2018 Formula 1 calendar: The stories behind the schedule and dates
F1's first triple header...Returning to France...Indy 500 clash...No Silverstone clash...Singapore and China in doubt..
By Matt Morlidge
Last Updated: 20/06/17 3:07pm
Triple headers, returning historic tracks and sporting clashes are some of the standout headlines from the 2018 calendar.
Here, Sky F1 looks at the stories behind the FIA's release of next year's 21-race schedule.
A hectic summer: Five races in six weeks!
The most eye-catching set of dates from the 2018 calendar is clear: For the first time ever, Formula 1 is set for a triple header.
The returning French GP kick-starts three races in as many weeks as the European season starts in earnest following a Canadian getaway. What's more, there will also be five races in six weeks before the August break with the German GP also squeezed back into a true summer of speed.
Paul Ricard, Spielberg, Silverstone, Hockenheim and Budapest offer fast, furious, and contrasting F1 experiences, and there'll be no time to rest.
Teams may rightly claim it's a logistical nightmare and drivers will undoubtedly be pushed to the limit of their mental and physical abilities - but there's nothing more frenetic than back-to-back, or in this case back-to-back-to-back, grands prix. The bumper schedule, however, was challenged when then F1 chief Bernie Ecclestone floated the triple-header idea back in 2009.
"With three back-to-back races, personally, I feel it is too much for Formula 1," said Jenson Button at the time.
Bienvenue, Paul Ricard
While trips to Mexico City and Baku have been warmly welcomed in recent years, the return of one of Europe's most famous racetracks is a treat for the F1 paddock and fans alike.
France was where it all started - hosting the first ever Grand Prix in 1906 - and though Magny-Cours graced the championship as recently as 2008, Paul Ricard hasn't been spotted in the sport, testing aside, since 1990.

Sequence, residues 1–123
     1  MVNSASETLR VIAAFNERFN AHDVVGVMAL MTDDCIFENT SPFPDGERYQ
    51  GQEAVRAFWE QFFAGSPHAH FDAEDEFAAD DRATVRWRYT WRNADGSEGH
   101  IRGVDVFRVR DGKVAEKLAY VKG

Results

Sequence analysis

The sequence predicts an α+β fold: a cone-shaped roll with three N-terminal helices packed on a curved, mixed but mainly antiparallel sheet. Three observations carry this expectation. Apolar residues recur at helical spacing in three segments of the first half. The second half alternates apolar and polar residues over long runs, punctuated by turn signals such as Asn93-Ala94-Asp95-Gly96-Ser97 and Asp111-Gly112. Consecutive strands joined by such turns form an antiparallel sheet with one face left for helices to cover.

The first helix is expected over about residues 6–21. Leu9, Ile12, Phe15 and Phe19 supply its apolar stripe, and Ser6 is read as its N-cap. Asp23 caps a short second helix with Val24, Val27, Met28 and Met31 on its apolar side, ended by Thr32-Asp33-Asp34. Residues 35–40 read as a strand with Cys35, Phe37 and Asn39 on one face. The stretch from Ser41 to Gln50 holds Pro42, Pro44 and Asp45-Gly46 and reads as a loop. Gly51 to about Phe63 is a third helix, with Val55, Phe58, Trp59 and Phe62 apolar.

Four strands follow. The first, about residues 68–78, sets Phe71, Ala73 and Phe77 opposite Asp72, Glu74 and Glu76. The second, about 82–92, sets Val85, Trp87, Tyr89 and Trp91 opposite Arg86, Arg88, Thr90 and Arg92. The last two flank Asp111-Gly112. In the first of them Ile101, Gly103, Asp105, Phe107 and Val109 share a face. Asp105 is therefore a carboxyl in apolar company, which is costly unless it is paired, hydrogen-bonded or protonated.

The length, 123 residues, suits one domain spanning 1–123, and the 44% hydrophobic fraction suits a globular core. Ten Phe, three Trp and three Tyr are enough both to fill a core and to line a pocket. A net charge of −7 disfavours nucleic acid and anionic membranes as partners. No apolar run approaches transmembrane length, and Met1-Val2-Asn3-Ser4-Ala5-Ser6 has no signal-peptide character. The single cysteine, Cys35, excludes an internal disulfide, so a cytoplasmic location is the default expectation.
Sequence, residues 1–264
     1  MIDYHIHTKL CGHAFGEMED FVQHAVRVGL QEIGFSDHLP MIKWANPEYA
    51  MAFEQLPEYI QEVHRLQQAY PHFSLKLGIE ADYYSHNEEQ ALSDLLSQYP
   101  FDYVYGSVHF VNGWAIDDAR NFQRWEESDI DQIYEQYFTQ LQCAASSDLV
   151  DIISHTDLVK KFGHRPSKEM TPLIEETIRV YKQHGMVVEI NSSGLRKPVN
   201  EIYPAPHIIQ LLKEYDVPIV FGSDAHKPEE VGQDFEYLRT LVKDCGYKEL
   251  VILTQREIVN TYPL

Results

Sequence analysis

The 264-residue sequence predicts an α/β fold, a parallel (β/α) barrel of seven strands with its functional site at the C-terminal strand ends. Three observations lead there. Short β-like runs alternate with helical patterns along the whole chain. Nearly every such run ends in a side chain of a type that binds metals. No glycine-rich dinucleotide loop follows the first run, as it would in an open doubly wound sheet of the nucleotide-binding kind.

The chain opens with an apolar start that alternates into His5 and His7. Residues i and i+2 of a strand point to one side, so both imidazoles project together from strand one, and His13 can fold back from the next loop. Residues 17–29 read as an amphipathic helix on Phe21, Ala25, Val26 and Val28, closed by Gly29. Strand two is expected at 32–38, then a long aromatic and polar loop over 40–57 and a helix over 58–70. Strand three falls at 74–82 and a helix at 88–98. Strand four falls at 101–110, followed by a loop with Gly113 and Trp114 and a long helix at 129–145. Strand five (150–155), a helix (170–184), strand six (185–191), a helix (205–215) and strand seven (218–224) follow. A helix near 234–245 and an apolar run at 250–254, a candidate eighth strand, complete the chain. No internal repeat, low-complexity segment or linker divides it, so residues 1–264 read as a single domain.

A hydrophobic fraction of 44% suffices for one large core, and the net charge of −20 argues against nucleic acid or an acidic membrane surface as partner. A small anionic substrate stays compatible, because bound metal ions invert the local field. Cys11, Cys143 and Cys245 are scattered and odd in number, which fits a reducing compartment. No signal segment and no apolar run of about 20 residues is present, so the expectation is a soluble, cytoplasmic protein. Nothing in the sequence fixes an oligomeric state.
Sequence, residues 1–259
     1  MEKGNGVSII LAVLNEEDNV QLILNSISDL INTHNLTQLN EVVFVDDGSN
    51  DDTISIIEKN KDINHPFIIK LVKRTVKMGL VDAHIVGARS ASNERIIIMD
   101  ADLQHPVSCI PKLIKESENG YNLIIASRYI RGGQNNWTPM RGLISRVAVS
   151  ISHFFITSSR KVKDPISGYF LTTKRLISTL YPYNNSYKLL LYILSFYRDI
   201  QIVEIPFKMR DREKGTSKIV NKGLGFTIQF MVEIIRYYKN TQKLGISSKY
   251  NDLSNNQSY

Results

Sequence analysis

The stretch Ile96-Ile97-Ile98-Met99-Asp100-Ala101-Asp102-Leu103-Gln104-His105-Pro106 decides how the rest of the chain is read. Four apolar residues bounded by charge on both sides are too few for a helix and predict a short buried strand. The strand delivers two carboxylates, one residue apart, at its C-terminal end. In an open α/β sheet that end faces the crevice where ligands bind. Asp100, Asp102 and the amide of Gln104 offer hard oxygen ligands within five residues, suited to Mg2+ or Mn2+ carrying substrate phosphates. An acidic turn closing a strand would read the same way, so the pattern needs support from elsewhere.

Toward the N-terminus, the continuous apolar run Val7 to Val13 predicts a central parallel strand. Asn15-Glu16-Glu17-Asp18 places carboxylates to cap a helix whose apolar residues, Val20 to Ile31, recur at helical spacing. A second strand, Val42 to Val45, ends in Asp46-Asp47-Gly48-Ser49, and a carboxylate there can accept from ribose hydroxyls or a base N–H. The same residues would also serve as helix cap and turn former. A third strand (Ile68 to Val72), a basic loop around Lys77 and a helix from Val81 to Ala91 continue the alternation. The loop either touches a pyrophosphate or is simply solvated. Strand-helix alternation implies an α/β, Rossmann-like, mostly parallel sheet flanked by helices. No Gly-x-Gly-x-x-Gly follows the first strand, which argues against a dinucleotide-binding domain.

Of course, much can change at a notoriously flat, high-speed circuit in 18 years, and the memorable 1.8km Mistral straight will now be interrupted by a single chicane - presenting drivers with another overtaking opportunity. Le Castellet gives Renault and Esteban Ocon a true home race and, although it takes place just four weeks after the nearby Monaco GP, that shouldn't dampen local interest in any way.
2018 F1 calendar
|June 24||Le Castellet||France|
|July 8||Silverstone||Great Britain|
|October 28||Mexico City||Mexico|
|November 11||Sao Paolo||Brazil|
|November 25||Yas Marina||Abu Dhabi|
|*Subject to approval|
Germany, a more consistent presence on the calendar, is also back on F1's travel guide after missing 2017. Due to financial constraints, Hockenheim can only host races on a biennial basis after the collapse of the circuit's race-share agreement with the Nurburgring, and it could be a pivotal race for Hockenheim as it enters its final year of an F1 contract. Race organisers will, therefore, hope for more than the paltry 57,000 race-day attendance of last season.
No World Cup clash
Whether it be boxing, football, tennis, cricket or golf, the British GP usually clashes with at least one major event on a consistently epic weekend of sport.